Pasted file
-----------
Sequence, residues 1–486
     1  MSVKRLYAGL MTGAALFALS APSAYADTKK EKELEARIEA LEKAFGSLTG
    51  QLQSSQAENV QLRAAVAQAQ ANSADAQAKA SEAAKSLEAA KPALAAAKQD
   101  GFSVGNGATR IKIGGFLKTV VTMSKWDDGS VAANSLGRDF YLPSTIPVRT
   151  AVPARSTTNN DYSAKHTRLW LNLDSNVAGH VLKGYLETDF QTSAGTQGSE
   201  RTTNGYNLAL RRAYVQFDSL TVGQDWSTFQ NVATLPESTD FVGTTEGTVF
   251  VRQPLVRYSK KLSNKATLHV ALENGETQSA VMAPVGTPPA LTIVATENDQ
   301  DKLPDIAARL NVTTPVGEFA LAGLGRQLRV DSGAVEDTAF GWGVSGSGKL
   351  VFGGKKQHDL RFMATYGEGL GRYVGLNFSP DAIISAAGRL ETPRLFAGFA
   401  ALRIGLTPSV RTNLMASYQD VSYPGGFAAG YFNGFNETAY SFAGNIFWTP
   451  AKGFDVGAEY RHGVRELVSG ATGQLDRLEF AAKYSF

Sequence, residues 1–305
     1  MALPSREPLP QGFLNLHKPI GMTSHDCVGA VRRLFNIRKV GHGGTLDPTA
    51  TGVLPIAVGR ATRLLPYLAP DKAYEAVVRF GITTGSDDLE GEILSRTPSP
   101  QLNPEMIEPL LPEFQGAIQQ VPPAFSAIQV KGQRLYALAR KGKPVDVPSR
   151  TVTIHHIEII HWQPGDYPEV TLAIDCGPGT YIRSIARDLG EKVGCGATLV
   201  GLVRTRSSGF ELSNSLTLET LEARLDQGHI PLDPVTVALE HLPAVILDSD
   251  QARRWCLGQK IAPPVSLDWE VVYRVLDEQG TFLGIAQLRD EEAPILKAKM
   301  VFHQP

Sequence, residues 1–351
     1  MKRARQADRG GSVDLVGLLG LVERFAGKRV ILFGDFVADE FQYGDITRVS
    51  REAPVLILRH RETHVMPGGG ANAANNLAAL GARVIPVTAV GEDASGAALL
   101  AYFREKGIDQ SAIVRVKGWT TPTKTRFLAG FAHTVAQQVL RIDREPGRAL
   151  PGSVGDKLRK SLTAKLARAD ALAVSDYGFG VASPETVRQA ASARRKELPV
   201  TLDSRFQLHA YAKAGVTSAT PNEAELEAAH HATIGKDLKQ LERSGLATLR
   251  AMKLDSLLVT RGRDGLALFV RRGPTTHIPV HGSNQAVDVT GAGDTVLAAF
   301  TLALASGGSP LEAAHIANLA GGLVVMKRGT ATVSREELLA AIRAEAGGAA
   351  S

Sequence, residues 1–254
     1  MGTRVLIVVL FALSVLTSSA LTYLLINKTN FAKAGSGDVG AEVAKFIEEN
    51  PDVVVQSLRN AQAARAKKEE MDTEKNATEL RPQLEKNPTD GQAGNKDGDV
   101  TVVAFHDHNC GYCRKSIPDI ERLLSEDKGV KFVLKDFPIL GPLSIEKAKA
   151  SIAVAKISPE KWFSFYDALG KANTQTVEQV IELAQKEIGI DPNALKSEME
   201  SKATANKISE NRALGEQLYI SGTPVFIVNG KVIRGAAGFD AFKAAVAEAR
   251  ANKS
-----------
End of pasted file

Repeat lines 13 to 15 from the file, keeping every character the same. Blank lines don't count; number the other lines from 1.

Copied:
     1  MALPSREPLP QGFLNLHKPI GMTSHDCVGA VRRLFNIRKV GHGGTLDPTA
    51  TGVLPIAVGR ATRLLPYLAP DKAYEAVVRF GITTGSDDLE GEILSRTPSP
   101  QLNPEMIEPL LPEFQGAIQQ VPPAFSAIQV KGQRLYALAR KGKPVDVPSR